EU Science Hub

Development of an in vitro metabolic hepatic clearance method

Development of an in vitro metabolic hepatic clearance method
©EU
Abstract:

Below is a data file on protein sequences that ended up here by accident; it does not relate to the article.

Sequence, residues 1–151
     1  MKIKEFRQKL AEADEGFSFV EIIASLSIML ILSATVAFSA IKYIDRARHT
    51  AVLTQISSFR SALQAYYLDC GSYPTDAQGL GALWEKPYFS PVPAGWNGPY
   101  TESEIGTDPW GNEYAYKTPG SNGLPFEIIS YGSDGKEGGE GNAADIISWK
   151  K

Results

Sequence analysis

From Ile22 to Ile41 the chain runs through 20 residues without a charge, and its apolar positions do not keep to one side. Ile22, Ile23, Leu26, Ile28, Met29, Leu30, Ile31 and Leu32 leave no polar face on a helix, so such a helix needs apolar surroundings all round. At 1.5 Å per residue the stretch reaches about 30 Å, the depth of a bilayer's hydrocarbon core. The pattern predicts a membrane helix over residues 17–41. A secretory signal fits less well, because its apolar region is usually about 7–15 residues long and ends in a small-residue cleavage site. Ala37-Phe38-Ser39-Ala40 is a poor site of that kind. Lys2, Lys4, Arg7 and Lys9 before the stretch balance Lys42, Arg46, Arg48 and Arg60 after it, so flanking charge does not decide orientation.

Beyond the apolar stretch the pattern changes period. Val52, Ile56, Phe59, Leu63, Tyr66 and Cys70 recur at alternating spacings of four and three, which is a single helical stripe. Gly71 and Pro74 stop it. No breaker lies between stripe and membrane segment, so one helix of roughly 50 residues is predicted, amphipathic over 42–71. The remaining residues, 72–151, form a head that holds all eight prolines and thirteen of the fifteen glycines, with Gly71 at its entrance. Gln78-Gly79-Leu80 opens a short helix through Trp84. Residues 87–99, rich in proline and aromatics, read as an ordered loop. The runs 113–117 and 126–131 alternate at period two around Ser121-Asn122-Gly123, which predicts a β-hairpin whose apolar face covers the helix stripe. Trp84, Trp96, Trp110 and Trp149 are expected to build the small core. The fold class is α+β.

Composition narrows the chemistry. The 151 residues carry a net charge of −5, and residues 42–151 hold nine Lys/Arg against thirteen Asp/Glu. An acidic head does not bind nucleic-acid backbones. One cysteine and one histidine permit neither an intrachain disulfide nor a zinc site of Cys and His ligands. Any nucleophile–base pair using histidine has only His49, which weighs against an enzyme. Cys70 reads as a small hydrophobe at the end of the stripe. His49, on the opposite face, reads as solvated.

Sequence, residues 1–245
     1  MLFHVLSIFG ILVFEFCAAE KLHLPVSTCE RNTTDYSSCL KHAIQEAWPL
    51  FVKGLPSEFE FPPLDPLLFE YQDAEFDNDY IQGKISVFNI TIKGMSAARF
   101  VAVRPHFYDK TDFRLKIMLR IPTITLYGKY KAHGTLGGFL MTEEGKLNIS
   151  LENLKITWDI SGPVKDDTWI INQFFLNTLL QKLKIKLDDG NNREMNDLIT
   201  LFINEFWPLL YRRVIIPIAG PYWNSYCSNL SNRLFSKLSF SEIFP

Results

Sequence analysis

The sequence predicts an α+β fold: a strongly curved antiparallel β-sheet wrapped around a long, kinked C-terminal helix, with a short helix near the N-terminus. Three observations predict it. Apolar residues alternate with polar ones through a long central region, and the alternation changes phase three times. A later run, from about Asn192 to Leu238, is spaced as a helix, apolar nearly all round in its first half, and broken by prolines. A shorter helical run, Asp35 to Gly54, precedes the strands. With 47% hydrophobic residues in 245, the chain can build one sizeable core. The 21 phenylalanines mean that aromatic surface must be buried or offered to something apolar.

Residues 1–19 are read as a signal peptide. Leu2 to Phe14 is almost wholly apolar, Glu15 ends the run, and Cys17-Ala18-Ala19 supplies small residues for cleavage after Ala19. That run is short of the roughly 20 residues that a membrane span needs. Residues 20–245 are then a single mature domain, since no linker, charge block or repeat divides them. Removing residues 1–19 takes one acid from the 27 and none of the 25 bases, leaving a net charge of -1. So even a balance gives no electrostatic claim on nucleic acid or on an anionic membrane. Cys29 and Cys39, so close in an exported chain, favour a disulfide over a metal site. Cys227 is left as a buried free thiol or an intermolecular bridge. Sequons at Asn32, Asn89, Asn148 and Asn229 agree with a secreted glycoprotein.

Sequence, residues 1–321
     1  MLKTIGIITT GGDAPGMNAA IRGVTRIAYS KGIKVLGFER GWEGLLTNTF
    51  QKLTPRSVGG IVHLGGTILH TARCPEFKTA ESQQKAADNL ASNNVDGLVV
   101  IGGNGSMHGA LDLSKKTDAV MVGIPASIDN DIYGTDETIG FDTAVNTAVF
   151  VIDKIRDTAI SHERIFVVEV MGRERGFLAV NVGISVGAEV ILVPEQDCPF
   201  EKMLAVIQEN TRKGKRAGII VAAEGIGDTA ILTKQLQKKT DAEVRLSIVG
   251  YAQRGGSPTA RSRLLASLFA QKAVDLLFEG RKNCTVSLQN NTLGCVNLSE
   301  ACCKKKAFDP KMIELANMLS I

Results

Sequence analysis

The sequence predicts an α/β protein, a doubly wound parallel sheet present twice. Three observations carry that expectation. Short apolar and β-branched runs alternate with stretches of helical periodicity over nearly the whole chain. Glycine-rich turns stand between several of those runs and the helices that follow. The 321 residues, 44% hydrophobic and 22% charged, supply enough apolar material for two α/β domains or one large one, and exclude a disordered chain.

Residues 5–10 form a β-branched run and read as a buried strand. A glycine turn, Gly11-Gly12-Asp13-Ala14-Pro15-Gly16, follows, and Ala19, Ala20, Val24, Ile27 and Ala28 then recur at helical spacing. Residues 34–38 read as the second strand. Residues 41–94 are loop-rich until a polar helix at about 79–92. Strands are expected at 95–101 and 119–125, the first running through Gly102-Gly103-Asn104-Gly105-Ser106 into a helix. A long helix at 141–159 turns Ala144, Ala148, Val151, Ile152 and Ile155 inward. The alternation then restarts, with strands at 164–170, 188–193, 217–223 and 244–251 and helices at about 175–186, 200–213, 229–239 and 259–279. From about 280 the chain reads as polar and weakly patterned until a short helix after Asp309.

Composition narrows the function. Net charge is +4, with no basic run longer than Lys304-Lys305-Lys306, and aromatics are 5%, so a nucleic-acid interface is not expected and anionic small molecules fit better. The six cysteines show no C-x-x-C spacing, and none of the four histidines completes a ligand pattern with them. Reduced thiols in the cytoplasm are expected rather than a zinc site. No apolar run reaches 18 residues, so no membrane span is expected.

There is increasing demand from in vitro method developers, validation bodies, in vitro method end-users as well as receiving authorities and OECD to integrate kinetics information in toxicity testing in order to improve chemical risk assessment. A strategic way to do this is detailed in the "EURL ECVAM strategy for achieving 3Rs impact in the assessment of toxicokinetics and systemic toxicity" (Bessems J et al. 2015). One of the strategic aims of this report urges for the development and applied use of in vitro kinetic methods for absorption, distribution, metabolism and excretion to be used in the future risk assessment approaches using new advanced methodologies (NAMs). Information on metabolism has been identified as a critical piece of information in integrated test strategies based on non-animal methods. Therefore, the purpose of this report is to describe the preliminary experimental work towards a representative in vitro human hepatic metabolic clearance method that can be ultimately used in future defined approaches for toxicological risk assessment. The proposed method is a result of the efforts of the EURL ECVAM laboratory team combined with knowledge gathered during (1) a literature search on in vitro human hepatic metabolic clearance methods, (2) an EURL ECVAM call for procedures detailing in vitro human hepatic metabolic clearance methods and (3) an expert meeting to establish the elements critical for in vitro methods that predict human hepatic metabolic clearance. The representative in vitro human hepatic metabolic clearance method was used to assess the in vitro intrinsic clearance of the following three chemicals: Acetaminophen, Diclofenac and Verapamil. Each chemical was added at one concentration to cryopreserved primary human hepatocytes (pooled from 10 donors) and the cells were exposed at different incubation time-points up to 2 h. The concentrations of each chemical over-time were measured by using Ultra-Performance Liquid-Chromatography (UPLC) coupled with (Quadrupole Time-of-Flight) Q-Tof mass spectrometer. The results obtained show good within-laboratory reproducibility (e.g. between different runs on different days), of the calculated in vitro intrinsic clearance. The results and experience gained with this experimental in-house effort by Directorate F – Health, Consumers and Reference Materials, F.3 Chemicals Safety and Alternative Methods will support the definition of an EURL ECVAM recommendation on human hepatic metabolic clearance and the subsequent drafting of a proposal for an OECD Guidance Document with the objective to characterise and describe in vitro hepatic metabolic clearance methods in order to facilitate their regulatory uptake and use to support chemical risk assessment.